IDFA 2020: Doclab & Paradocs
The Dutch at DocLab: silence, sunsets and the traces of others
Brilliant, imaginative and very much other worldly Dutch projects are in the ascendant at IDFA DocLab, including two recipients of Film Fund DocLab Interactive Grants, Echoes of Silence by Tamara Shogaolu and 24H Sunrise/Sunset by Dries Depoorter and Shishani Vranckx.
At DocLab 2020, director Tamara Shogaolu creates her first "full-dome experience", which explores how the sound of space is imagined across cultures. Of course, in space there is no sound, no matter how great the planetary collision or how violent the supernova. But there is one place where space is very loud, in the movies.
For Shogaolu, it all began back in the US where she attended lectures given by Tomlinson M. Holman, who helped develop the Lucasfilm THX sound system used, most famously and (arguably) most effectively in the Star Wars films.
Then last year at IDFA she learned about the full-dome community, "and I got really into it, and was fascinated by this concept," she explained at the DocLab 2020 online opening.
"When we think of the sound of space I realised that people who haven't even seen Star Wars have some of those sounds already in their mind when they are imagining what the sound [outside] the world is like," says Shogaolu. So for her Planetarium project she conducted research into how indigenous cultures imagine the sound of life beyond Earth, and to relay her findings within the dome extravaganza.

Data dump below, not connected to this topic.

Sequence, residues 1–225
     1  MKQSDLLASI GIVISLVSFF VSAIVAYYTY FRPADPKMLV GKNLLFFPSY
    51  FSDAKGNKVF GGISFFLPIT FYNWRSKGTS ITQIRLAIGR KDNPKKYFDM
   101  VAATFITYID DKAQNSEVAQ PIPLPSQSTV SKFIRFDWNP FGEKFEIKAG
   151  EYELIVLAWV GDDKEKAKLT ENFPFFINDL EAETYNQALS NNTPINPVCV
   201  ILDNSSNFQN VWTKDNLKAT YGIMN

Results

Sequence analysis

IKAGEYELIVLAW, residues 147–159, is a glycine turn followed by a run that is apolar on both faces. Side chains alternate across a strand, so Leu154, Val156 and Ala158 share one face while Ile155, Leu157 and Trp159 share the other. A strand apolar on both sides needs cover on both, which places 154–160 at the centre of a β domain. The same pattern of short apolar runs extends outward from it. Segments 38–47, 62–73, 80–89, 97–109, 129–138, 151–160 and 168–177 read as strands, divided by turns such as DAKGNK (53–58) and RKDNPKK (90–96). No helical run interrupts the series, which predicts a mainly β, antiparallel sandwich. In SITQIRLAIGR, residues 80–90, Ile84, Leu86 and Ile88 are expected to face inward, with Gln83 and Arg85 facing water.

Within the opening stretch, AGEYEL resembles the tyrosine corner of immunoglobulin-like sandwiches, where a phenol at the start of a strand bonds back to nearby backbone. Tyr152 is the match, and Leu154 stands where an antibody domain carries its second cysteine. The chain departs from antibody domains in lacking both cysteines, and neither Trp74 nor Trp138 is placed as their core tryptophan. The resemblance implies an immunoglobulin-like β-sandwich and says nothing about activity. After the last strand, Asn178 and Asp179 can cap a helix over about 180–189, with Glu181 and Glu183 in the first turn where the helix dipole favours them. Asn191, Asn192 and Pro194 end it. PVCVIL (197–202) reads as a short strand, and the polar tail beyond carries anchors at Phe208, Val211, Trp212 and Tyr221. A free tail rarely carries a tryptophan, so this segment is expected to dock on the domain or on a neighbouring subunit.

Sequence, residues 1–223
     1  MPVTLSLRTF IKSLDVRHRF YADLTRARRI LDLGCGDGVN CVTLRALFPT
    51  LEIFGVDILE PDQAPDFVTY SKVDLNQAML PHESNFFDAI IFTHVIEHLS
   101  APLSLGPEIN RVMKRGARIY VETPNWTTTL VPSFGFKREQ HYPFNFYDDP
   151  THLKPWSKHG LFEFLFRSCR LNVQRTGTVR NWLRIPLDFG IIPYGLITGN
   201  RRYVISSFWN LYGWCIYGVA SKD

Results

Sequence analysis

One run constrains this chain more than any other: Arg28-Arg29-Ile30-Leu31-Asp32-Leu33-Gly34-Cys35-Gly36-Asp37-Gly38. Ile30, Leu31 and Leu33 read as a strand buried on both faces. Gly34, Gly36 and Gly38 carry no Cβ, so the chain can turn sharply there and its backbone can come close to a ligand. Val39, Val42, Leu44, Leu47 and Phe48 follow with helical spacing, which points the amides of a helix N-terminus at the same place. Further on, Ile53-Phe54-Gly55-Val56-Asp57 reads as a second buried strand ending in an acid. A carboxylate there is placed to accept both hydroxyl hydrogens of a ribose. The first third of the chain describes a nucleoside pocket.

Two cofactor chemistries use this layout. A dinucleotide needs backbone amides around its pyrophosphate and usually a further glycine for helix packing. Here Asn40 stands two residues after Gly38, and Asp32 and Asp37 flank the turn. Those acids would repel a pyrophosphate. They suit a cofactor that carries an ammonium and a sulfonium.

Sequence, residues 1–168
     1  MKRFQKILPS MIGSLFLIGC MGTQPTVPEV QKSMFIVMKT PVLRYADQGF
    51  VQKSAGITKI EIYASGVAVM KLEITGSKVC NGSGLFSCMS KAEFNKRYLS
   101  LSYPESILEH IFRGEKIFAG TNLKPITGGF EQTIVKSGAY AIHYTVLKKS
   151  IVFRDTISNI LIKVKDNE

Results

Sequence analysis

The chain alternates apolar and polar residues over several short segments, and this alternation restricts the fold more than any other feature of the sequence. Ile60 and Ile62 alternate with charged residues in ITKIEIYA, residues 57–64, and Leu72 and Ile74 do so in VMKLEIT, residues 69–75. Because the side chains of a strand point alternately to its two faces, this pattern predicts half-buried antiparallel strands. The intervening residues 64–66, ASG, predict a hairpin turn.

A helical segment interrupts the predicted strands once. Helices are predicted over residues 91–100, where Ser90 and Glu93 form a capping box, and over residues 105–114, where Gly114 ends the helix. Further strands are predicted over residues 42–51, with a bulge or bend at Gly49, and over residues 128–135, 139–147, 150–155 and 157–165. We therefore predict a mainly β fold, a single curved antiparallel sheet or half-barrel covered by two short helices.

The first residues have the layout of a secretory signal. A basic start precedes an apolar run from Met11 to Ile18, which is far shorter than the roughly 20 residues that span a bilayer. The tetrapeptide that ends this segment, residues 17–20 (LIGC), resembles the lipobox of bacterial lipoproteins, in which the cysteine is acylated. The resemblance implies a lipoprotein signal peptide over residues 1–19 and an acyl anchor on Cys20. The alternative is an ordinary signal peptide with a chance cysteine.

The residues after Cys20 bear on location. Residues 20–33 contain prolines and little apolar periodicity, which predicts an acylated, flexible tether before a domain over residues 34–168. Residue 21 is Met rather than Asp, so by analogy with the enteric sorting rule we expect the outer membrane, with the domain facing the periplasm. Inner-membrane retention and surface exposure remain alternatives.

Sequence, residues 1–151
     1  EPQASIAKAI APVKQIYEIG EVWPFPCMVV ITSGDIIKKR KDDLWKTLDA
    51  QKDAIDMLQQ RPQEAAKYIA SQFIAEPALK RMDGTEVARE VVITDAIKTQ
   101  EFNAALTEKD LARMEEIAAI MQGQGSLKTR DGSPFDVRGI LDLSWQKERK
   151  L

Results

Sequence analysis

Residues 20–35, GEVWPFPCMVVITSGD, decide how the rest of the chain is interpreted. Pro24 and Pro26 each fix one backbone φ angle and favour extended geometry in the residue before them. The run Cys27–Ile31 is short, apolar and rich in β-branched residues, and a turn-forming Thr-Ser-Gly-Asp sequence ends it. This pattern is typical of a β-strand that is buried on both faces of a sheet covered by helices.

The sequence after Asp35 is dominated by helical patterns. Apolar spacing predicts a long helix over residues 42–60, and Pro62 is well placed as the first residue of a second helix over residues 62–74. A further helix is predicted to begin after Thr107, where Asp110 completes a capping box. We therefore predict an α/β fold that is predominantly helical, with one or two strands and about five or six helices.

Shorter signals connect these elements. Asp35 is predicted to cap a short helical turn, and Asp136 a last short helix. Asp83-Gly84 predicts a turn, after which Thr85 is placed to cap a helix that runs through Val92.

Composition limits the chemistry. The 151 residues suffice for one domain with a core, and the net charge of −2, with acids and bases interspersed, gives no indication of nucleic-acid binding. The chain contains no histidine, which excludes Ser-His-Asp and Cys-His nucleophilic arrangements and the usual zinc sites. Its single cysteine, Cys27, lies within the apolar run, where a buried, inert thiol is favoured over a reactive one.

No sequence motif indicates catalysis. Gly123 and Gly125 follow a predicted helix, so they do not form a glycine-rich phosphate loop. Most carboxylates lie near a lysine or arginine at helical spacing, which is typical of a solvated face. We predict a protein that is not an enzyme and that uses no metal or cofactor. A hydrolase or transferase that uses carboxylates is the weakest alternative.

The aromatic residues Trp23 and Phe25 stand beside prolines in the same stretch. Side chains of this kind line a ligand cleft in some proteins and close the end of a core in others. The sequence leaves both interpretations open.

The result is an audio and a visual experience, using sound archive sourced from TV and film across the globe, and with projections that takes the viewer on a trip into space as it's seen from different points on Earth.
"Of course when the pandemic happened...I thought it would be a really cool opportunity to be able to travel around the world through the stars and to take in the sound design of these films from around the world, and build something off of the archival sound," she explains of the project's development and creation during 2020. Project notes how underline the work "implicitly questions the predominant Western view of space."